curves with different origin and composition
(Snars et al. 2004). It was characterized by a sudden drop of pH from its initial pH = 9.3 to pH 5
after addition of 0.44 mol H kg. However, addition of acid beyond this pH value only caused a
slight decrease of pH, which was reected in the
levelled shape of the curve in the pH range 54,
corresponding to an acid addition of 2 mol H
kg. Addition of acid beyond this value caused a
slow and progressive decrease of pH until the nal
pH was reached (5.5 mol H kg added to the sus-

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pension). From this curve, immediate ANC of RM


at pH 6.5, 4.3 and 2.3 were calculated as 0.1, 1.7 and
4.8 mol Hkg. The initial pH of the neutralisation curve represents the free alkali in solution,
which corresponds with the residual alkali in RM
from the bauxite digestion step. This free alkali reacts rst and it is quickly consumed above pH 7,
causing an abrupt drop of pH. The buffered region
observed between pH 5 and 4 is consequence of
the interaction of H with the solid components
of RM. Neutralization of added H may occur by
adsorption of H onto the negative charged sites
of RM surface or may be due to the consumption
of H by dissolution of some components of RM.
Since RM is a heterogeneous material, it is plausible that the dissolution of the different RM components and the corresponding neutralization
of H are different in each pH interval. To clarify
this question, dissolution of main components of
RM at nal pH 6, 4 and 2 was measured (Table 1).
The addition of acid to pH 6 caused mainly the
dissolution of Ca and Na of RM, although the low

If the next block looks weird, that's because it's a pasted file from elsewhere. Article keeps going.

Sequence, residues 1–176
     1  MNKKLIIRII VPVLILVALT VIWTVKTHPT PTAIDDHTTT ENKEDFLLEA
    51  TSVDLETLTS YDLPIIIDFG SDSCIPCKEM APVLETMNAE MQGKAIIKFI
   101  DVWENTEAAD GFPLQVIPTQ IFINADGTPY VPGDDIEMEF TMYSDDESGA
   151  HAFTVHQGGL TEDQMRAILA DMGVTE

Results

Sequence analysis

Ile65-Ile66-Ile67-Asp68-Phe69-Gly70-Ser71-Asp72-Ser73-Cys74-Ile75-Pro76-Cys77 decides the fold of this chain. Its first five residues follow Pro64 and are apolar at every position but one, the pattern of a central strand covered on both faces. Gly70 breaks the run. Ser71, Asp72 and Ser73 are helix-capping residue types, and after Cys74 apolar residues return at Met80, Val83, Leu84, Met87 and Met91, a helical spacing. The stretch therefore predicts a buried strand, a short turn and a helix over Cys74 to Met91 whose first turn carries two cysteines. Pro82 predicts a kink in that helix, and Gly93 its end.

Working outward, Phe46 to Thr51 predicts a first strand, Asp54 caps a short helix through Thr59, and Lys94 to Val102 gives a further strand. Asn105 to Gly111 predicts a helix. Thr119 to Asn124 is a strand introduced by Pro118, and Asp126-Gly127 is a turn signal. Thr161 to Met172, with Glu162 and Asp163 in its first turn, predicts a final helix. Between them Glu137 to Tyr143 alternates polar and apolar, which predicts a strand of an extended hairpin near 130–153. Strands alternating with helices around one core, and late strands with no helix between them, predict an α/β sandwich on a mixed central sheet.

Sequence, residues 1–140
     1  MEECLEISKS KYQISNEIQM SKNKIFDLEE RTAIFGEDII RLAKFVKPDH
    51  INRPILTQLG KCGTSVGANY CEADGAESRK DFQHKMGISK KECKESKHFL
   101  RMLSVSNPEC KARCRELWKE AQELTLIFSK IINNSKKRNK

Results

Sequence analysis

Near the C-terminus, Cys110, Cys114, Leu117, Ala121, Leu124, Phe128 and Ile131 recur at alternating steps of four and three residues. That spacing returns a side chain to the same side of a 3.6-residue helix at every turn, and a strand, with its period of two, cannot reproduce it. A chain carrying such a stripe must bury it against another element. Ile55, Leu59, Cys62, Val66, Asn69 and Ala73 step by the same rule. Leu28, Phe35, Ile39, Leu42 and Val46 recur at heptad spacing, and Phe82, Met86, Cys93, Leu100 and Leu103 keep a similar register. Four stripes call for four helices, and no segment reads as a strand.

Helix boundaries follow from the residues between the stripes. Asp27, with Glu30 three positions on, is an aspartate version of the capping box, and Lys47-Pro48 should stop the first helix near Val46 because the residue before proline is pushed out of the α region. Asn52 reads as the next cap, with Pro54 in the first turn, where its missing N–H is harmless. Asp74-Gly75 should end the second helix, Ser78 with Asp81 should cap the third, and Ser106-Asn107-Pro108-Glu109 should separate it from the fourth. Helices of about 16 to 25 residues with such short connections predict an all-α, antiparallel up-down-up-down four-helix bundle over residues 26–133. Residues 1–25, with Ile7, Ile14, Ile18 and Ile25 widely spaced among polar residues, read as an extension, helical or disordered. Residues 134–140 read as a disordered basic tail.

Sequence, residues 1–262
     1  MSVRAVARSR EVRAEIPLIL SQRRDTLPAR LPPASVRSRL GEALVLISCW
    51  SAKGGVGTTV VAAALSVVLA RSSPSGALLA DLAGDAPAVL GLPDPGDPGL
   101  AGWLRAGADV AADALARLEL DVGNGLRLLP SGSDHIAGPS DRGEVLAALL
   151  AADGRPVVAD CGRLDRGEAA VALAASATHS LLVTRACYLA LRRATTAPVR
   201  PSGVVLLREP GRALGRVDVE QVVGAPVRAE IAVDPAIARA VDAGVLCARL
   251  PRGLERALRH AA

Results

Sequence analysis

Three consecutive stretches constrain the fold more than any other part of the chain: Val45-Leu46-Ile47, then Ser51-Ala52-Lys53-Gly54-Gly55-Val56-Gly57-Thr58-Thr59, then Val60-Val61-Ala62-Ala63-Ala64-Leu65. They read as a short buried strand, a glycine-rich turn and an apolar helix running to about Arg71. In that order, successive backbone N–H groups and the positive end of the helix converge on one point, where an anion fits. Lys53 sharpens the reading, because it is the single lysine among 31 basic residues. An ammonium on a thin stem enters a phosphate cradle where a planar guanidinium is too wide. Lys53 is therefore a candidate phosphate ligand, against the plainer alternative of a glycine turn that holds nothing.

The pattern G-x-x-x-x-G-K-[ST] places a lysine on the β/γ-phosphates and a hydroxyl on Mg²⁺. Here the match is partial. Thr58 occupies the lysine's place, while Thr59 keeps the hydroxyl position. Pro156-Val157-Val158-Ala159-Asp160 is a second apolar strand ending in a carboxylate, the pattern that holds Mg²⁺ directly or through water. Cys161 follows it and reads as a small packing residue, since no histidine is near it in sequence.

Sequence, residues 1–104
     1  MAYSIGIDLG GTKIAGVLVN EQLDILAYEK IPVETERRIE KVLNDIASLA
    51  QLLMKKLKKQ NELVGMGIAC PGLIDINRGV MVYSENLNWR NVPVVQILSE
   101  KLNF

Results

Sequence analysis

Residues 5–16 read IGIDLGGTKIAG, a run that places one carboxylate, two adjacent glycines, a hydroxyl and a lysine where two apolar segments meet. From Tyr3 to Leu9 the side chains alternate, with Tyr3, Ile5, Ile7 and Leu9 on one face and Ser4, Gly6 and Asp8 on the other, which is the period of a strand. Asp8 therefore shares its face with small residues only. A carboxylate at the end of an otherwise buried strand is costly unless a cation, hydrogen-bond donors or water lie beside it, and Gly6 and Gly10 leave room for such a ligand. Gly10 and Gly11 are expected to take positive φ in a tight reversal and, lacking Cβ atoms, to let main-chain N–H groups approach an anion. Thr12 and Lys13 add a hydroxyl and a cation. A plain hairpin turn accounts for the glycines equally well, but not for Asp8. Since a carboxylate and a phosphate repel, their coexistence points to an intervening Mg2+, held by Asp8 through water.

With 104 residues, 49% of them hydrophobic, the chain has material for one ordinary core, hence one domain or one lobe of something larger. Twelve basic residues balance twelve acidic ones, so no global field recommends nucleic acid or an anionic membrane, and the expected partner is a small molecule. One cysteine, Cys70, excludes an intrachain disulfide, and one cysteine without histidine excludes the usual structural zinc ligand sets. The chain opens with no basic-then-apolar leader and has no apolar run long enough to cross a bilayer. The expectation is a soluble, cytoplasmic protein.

percentages of total Na and Ca dissolved at this pH
are indicative of the slow release of both elements
from RM. A decrease in pH to pH 4 caused an increase in the dissolved Na and Ca concentration,
although their rates of dissolution within this pH
range were lower than within the rst region of
the neutralisation curve. Signicant amounts of
Al and Si were dissolved at pH 4, which suggests
that the dissolution of the zeolitic aluminosilicates of RM at pH 5 is responsible of the buffering region observed in the neutralization curve.
Dissolution of Fe at pH 4 was negligible (Table 1).
When the pH was lowered to pH 2, the concentrations of Na, and especially of Ca (which was almost
twice the concentration dissolved at pH 4), still
continued to increase. This additional Ca may proceed from the previously undissolved calcite and
other alkaline components of RM, and from the
zeolite-type minerals containing Ca. Al and Si dissolution increased markedly at this pH, and the
dissolved amounts of both elements were almost
equivalent, which agrees with the stoichiometry
of the main zeolitic minerals identied in the RM:
sodalite, nosean and cancrinite. The dissolved percentages of Al and Si represented the 33 and 100%
of total contents in RM, respectively, which suggests the complete dissolution of desilication

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product (DSP) of RM at pH 2. Acidication at pH 2


increased the dissolved Fe concentration, although the total dissolved Fe was very low, reecting the high crystallinity and chemical stability of